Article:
In one of our past Elluminate sessions in CCK11, George Siemens mentioned a book by Olaf Sporns called Networks of the Brain (2011). Something about the book piqued my interest, so I'm reading it now. The book addresses the question "What can network science tell us about the brain" (1), and I confess up front that I do not have either the scientific or mathematical backgrounds to follow all of Prof. Sporns' arguments, but as with most conversations that I engage, I'm reading it through the foggy windows of my own interests and biases, so it is still worthwhile.

I'm interested in the book because connectivity and complexity are at the heart of how Sporns is attempting to understand the brain. He says in his Introduction that science in general is informed by the perspective of complex networks:
Increasingly, science is concerned with the structure, behavior, and evolution of complex systems such as cells, brains, ecosystems, societies, or the global economy. To understand these systems, we require not only knowledge of elementary system components but also knowledge of the ways in which these components interact and the emergent properties of their interactions. … All such complex systems display characteristic diverse and organized patterns [which are] the outcome of highly structured and selective coupling between elements, achieved through an intricate web of connectivity (1).
As I have mentioned in an earlier post, Edgar Morin says that this emergence of complex network thinking is a third great paradigm in the development of science, the first being the static, mechanistic universe of Newton and the second being the declining universe of thermodynamics. I hear Sporns agreeing with Morin that the idea of complex networks is radically changing the way that scientists explore and describe (or map, to use Deleuze and Guattari's term) reality. If this is the case, then it seems to me that Connectivism, and the discussion emerging about that concept, is a response to this new and emerging way of viewing the world. Connectivism is an attempt to move beyond the reductionism of Cartesian dualism (despite all its marvelous successes) to a richer, more complex understanding.

What does this mean for education? I am not so well read in educational theory as to say reliably, but lack of knowledge does not appear to be a strong deterrent, so I'll make a few observations, hoping that others better informed will correct me. The other three major strains of educational theory—behaviorism, cognitivism, and constructivism—appear to me to focus primarily on the individual. In those theories, knowledge is something in an individual brain or mind or both. Learning is something that happens in that same individual, discrete mind, whether we think of the mind as an inscrutable black box (as in behaviorism) or a translucent computational device (as in cognitivism). Knowledge and learning, then, belong to the individual student and are observable, measurable, and describable only in terms of that individual student. This attitude is reflected in our grading economy, which insists upon an inviolable and sacred correspondence between 1 student and 1 grade. As everyone knows, group grades suck.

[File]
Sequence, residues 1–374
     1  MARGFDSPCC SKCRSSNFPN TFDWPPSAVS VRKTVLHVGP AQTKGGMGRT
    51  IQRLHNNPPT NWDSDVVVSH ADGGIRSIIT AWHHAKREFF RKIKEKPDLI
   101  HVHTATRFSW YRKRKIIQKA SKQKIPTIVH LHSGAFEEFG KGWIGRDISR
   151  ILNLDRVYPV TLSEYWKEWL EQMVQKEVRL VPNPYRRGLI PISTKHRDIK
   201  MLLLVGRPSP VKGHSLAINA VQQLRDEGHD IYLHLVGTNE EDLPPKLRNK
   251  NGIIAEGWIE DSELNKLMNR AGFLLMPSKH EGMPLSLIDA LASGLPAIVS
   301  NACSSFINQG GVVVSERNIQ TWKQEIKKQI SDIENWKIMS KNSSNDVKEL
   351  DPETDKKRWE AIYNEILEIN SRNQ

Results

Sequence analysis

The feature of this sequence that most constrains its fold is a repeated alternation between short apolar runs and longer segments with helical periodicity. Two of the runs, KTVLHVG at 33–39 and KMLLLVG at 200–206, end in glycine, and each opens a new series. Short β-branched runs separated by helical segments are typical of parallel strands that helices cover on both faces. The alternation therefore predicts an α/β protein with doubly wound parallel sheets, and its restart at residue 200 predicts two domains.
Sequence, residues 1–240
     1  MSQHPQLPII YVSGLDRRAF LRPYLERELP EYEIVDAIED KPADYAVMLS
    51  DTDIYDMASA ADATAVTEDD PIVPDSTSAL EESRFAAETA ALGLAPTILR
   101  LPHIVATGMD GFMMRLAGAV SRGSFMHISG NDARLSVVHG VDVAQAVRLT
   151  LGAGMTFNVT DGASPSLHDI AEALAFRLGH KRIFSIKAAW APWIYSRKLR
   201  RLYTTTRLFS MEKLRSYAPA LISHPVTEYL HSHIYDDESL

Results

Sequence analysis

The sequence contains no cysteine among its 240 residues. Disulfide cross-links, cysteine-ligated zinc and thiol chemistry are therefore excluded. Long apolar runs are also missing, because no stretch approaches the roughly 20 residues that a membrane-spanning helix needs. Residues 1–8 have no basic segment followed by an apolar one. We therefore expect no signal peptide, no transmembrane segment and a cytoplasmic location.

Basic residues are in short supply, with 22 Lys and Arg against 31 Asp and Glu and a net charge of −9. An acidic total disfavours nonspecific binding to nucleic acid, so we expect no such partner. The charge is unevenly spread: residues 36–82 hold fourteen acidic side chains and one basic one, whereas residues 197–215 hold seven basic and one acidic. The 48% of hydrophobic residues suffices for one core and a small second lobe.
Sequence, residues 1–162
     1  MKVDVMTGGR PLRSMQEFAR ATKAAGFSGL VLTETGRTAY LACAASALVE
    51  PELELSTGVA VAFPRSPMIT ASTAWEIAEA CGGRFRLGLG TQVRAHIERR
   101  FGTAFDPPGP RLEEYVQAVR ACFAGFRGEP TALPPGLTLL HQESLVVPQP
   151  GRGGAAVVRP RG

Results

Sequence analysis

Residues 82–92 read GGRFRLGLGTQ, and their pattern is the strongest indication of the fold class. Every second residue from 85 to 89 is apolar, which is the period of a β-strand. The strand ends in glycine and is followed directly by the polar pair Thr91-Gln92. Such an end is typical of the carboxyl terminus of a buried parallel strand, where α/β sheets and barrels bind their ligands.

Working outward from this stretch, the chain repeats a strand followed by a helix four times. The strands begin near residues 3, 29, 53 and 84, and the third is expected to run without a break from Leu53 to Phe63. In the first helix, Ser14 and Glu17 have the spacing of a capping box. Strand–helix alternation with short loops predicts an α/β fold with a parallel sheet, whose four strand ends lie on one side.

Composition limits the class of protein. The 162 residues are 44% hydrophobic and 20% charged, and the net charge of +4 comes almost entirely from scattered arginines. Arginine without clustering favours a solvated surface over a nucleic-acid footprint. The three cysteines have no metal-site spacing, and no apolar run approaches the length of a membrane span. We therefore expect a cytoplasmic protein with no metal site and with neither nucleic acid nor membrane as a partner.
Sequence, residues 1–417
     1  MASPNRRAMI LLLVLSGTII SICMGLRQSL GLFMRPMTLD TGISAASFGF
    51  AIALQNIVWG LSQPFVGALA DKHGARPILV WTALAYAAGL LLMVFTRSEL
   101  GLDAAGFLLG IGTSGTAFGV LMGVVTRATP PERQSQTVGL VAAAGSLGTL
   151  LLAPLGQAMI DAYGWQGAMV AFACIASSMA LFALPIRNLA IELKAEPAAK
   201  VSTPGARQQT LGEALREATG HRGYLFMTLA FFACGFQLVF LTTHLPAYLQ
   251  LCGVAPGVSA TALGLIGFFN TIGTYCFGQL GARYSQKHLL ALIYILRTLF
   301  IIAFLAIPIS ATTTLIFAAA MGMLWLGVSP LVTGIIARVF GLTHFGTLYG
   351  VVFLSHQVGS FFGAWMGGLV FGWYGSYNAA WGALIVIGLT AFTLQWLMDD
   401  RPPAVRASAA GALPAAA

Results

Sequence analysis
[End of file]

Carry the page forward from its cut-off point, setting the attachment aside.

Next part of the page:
This reductionism is precisely what Connectivim tries to overcome, while at the same time respecting the truly impressive achievements of the reductionist theories. Reductionist theories and the schools built upon them largely favor "only knowledge of elementary system components," or the individual student; whereas Connectivism attempts to add "knowledge of the ways in which these components interact and the emergent properties of their interactions." Connectivism does not deny that knowledge and learning occur in individual students; rather, it counters the diminutive and reductionist idea that knowledge and learning occur only in individual students. Connectivism says for me that knowledge and learning are most properly understood in terms of individual students and the interactions of students with their ecosystems and the emergent properties of all that dynamic interaction. This is a radical difference in understanding, a precipitous difference. Really. A school built on Connectivism will not function or look like existing schools.

Now, I am not suggesting that Connectivism has invented complexity or networking theory, nor am I suggesting that cognitivists and constructivists are total reductionists with no understanding of complexity and networking structures. Even as unread as I am, I can think of scholars such as Wenger who have incorporated the interactions within groups into their ideas about education. I'm speaking in this post on a very general level, fully aware that most anyone who reads this could think of numerous scholars from the other camps who have already anticipated many of the insights of Connectivism. I am in no way suggesting that Connectivism is totally new. I'm not sure that a totally new idea has ever existed, and largely, I regard any complaint by curmudgeons that this idea or that theory is not new to be a red herring. Who cares? Rather, I want to ask if an idea or theory is useful.

Connectivism is useful for me. It gives me a conversational space within which to connect with and engage others who are examining and thinking—in light of complex, networked systems—about how we humans create and share knowledge.

Wednesday, February 9, 2011

Formalism in CCK11

Our CCK11 Elluminate conversation today, 2011 Feb 09, featured guest speaker Neil Selwyn, who said several times that he thought we might lose something valuable if we indeed ever managed to rid our educational selves of formal institutions and practices. I imagine that he meant such things such as universities, school boards, curricula, programs of study, grading scales, and college deans. I think I have a faint appreciation for his point, but first I want to quibble with his use of the term formal.